If you’re tired of the same old experience of shopping for home or renters insurance, you may want to give Lemonade Insurance a try. This innovative group has redefined what it means to be an insurance company in the 21st century.
For the purposes of this Lemonade Insurance review, I went through the process of applying for quotes for both home and renters insurance. So, I’ll tell you exactly what makes Lemonade different, which states they sell policies in, how much the policies cost and more.
Lemonade Insurance Review: Here’s What You Need to Know
Whenever you’re talking about insurance companies, it’s easy to paint them all in pretty broad brushstrokes.
After all, insurance companies tend to be cold and analytical. They’re all about risk and mitigation of that risk, right? The idea that you might like or even love an insurance company is pretty alien to most people.
Well, Lemonade Insurance has clean-sheeted the idea of insurance. They’ve built their company from the ground up in a new way on a technologically advanced platform.
Coded right into their corporate DNA is the idea of giving back to a variety of charities. That’s an idea that appeals to socially conscious millennials who may be shopping for insurance for the first time.
Lemonade Insurance Review: Table of Contents
- What Makes Lemonade Different From Other Insurers?
- What Kinds of Insurance Policies Does Lemonade Offer?
- In Which States Can You Buy Lemonade Insurance?
- How Does the Lemonade Giveback Work?
- What Is Lemonade’s Financial Stability Ranking?
- How Much Does Lemonade Insurance Cost?
- How Do You Cancel Lemonade Insurance?
1. What Makes Lemonade Different From Other Insurers?
Most insurance companies want to collect premiums, but ideally don’t want to pay them out. That’s how they make a profit. However, Lemonade has a completely different business model.
Instead of getting rich on premiums, Lemonade takes a flat fee out of what customers pay each month. Then they use those dollars to pay for three things:
- Administrative and other overhead costs
- Reinsurance costs
- A company rainy day fund
If you’re not familiar with the second one, reinsurance is just what it sounds like: Insurance for insurance companies. It’s a policy insurance companies buy to make sure they have enough money to operate in a “bad” year when there are a lot of claims they have to pay out.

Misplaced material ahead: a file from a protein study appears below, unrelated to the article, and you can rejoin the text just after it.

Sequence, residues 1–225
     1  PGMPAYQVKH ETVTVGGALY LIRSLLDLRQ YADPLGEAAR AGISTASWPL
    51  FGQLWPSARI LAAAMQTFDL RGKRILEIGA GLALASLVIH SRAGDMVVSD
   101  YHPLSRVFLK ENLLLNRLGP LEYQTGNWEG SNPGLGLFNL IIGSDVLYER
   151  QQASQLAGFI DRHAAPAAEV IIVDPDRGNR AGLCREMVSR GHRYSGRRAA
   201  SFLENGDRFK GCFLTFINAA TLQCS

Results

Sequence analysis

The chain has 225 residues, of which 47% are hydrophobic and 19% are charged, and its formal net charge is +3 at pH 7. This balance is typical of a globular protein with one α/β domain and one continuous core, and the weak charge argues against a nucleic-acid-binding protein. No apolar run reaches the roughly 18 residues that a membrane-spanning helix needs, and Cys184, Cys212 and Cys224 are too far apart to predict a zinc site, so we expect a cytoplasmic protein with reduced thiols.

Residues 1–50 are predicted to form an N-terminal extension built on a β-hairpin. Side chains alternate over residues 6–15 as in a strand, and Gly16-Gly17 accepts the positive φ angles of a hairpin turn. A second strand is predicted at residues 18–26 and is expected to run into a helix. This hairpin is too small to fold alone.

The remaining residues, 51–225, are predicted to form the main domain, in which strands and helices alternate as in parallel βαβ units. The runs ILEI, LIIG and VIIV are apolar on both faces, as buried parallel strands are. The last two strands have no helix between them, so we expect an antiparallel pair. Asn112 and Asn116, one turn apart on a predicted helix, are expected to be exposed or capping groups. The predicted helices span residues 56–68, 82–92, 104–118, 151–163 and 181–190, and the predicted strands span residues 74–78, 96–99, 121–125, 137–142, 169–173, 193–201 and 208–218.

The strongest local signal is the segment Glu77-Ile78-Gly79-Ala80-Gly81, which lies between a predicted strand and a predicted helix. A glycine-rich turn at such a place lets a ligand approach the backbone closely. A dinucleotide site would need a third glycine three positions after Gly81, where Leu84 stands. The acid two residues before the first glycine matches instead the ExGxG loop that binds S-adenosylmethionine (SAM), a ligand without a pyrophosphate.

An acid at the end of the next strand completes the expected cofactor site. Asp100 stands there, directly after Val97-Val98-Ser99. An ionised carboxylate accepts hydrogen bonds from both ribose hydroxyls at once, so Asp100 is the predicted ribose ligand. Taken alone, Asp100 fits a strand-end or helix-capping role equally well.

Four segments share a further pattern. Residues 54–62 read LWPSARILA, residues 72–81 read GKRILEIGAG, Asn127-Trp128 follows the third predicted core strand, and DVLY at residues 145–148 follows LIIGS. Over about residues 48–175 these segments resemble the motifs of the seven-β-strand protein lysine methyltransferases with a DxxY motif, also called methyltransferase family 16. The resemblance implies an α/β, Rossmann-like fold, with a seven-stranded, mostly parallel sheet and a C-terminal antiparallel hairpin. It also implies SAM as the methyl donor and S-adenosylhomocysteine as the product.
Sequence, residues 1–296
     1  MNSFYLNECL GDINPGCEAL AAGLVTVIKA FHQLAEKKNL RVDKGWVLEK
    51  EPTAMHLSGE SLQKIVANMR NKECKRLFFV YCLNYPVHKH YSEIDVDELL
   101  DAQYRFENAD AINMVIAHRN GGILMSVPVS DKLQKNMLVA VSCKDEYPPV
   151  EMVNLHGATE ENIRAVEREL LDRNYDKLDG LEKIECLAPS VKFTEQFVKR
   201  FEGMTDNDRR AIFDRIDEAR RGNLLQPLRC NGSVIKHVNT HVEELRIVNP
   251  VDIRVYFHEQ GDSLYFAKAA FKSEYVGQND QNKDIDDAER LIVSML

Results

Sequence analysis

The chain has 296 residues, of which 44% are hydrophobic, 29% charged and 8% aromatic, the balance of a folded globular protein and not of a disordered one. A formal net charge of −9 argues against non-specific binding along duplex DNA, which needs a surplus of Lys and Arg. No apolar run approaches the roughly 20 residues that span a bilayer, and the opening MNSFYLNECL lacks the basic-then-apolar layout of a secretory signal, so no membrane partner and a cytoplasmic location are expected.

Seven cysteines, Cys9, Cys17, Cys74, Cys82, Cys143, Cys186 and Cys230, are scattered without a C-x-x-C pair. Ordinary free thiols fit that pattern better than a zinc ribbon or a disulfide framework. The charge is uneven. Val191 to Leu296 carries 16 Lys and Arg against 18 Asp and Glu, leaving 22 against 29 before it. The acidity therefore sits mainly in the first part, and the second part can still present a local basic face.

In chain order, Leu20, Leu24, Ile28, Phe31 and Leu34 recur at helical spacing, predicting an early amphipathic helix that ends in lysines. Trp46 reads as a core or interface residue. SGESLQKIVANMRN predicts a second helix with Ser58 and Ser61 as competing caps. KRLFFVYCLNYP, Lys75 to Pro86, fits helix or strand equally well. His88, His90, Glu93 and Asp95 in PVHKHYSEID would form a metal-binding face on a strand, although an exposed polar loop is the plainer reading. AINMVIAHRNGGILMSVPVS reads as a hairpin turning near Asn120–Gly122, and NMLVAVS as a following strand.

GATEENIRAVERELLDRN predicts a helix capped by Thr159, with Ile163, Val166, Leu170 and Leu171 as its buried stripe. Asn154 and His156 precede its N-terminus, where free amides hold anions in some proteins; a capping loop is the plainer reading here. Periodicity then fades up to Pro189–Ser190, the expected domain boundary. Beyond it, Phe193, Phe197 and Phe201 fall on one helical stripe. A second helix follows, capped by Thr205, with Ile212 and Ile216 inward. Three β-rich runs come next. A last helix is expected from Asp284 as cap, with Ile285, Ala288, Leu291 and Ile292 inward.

Those three things account for a little less than two-thirds of premium dollars that Lemonade collects, according to the company’s FAQs. Then with the other premium money that’s left over after any claims you make (up to about 40% of the premium), they take it and donate it to a charity of your choice.
“The way they’re selling insurance makes it a non-adversarial thing. So you have a direct incentive in not trying to commit fraud against your insurer because it’s almost like a co-op for insurance,” money expert Clark Howard says.
Another unique feature of Lemonade Insurance is the company’s use of chatbots instead of brokers to onboard you and get you the right policy. Eliminating brokers from the business model helps keep overhead costs low.
2. What Kinds of Insurance Policies Does Lemonade Offer?
Lemonade only sells a handful of insurance policies:
- Home insurance
- Renters insurance
- Condo insurance
- Co-op insurance
Not every policy is available in every state where the company does business, as you’ll see in a moment.
3. In Which States Can You Buy Lemonade Insurance?
Lemonade officially launched in New York in September 2016. In just a few short years, it’s grown to write policies in 26 states and the District of Columbia.
- District of Columbia
- New Jersey
- New Mexico*
- New York
- Rhode Island**
* Only renters insurance available
** Only renters and condo insurance available
More states are being added all the time, so be sure to check their expansion page often if yours isn’t already on the list. You can also sign up to be notified by email when they arrive in your state.
4. How Does the Lemonade Giveback Work?
Lemonade says its mission is to “transform insurance from a necessary evil into a social good.” To achieve that end, the company has its Lemonade Giveback policy.